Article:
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Some volcanoes bring disaster the old fashioned way—a violent eruption that floods the surrounding landscape in hot lava and heaps of ash, destroying all the plant and animal life in its wake. But there are other sorts of volcanic catastrophe. For some, like Mount Etna, disaster might strike simply because the volcano is unable keep itself together. Literally.
In a new study published in Science Advances, a team of German researchers illustrate how the southeastern flank of Mount Etna, Europe’s most active volcano, is sliding into the Ionian Sea. If that slow creep gives way to a rapid collapse, it could trigger disaster in the form of mega-tsunamis that threaten millions of people living nearby and on the Mediterranean coastlines.
Mount - Etna - Feet - Sicily - Edges
It’s no secret that Mount Etna, sitting 10,000 feet high along Sicily’s northeastern edges, is in rough shape. Data since the ‘80s has shown how mobile and unstable the eastern flank of the volcano is, even while the rest of the sides, buttressed by surrounding mountains, are relatively solid. Ancient signs of this instability include landslide scars on the mountain, like the prominent “Valle de Bove," close to the summit. About 8,000 years ago, another flank collapse may have devastated coastlines in modern-day Israel, 1,000 miles away.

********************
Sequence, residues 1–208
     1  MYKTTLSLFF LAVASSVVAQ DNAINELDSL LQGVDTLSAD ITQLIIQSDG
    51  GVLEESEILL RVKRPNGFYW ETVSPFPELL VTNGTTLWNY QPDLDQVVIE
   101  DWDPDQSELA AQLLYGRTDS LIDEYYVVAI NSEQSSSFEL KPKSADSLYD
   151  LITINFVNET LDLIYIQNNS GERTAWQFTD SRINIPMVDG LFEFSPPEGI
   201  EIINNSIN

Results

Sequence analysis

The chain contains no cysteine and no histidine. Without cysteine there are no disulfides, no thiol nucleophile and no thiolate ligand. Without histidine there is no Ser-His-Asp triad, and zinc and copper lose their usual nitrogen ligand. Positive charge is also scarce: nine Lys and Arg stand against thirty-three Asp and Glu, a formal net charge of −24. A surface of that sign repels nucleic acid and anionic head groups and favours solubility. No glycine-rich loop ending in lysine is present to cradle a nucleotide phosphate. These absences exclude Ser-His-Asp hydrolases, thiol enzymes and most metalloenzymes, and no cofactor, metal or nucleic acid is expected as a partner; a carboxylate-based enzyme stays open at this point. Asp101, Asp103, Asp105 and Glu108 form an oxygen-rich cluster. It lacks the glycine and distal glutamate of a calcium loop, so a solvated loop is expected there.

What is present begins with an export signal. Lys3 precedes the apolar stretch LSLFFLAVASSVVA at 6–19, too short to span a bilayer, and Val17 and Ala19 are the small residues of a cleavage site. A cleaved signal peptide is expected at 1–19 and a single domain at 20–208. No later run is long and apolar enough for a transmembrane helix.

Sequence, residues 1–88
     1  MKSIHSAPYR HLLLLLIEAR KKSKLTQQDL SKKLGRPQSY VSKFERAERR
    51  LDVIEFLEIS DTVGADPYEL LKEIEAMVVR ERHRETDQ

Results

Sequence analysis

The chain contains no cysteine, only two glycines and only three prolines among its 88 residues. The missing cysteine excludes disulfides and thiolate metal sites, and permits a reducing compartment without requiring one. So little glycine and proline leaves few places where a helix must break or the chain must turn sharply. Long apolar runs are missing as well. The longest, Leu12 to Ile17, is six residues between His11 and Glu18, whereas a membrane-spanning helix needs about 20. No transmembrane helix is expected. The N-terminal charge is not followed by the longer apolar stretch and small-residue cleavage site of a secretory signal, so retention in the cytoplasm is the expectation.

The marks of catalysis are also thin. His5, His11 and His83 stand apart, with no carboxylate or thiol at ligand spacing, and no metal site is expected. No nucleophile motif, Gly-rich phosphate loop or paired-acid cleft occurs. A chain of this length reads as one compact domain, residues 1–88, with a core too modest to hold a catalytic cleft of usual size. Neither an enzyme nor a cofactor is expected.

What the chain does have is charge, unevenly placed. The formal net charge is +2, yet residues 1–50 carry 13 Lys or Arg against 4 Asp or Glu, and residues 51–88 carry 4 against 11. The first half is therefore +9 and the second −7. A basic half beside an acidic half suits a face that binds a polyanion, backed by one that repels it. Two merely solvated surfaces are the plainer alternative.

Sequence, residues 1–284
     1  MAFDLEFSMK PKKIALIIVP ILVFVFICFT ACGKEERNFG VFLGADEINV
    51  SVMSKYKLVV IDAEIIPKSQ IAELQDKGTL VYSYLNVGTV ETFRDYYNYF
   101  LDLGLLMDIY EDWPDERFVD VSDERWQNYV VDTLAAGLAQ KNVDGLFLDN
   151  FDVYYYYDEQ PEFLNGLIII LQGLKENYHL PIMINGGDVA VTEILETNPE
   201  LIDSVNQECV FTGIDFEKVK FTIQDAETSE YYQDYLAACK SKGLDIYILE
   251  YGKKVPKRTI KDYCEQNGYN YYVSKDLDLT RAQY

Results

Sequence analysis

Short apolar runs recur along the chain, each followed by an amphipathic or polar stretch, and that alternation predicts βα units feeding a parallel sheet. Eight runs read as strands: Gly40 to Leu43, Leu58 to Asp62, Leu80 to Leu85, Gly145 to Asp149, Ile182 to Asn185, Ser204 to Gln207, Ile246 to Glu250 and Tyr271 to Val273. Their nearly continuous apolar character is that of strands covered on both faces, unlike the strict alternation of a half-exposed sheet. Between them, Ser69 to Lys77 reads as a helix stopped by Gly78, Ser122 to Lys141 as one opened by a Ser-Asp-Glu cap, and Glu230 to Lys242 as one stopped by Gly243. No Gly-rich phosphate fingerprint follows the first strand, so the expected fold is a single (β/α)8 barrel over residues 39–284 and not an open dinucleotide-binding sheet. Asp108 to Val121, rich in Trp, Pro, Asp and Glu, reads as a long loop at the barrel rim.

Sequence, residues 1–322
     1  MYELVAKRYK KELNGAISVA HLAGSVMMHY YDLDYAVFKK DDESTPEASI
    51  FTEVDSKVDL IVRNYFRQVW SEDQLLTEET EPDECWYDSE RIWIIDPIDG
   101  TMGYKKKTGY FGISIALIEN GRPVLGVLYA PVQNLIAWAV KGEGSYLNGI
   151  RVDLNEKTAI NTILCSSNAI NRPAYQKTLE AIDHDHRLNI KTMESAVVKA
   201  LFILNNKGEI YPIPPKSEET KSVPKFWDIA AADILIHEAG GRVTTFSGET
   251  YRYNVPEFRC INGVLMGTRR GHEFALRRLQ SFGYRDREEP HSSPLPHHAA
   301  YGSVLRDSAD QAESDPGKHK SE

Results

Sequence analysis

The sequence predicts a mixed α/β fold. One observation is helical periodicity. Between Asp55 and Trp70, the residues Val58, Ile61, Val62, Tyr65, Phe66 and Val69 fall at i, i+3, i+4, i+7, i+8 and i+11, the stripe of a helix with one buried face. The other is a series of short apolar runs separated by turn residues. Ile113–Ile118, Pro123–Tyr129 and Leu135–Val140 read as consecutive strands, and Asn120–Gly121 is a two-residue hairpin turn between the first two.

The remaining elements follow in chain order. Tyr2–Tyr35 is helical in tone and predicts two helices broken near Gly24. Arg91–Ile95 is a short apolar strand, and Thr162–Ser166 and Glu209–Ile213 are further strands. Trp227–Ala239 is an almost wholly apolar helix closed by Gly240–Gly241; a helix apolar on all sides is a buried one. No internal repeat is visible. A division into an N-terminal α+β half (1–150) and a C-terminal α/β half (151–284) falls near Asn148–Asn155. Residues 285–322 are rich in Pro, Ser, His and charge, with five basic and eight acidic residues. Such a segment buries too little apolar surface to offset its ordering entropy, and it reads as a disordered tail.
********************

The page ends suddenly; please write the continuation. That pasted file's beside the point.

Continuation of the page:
“Mount Etna is one of the best investigated volcanoes in the world, and almost every kind of monitoring data is available,” says Felix Gross, a researcher at the University of Kiel in Germany and a coauthor of the new study. “However, this is only valid for the onshore [portions], while the volcano continues underwater. There is a huge scientific discourse about why Etna's southeastern flank is sliding seawards.”
Findings - Observations - April - July - Paint
The new findings, based on observations collected from April 2016 to July 2017, paint for the first time a bigger picture of what’s going on underwater. The research team...
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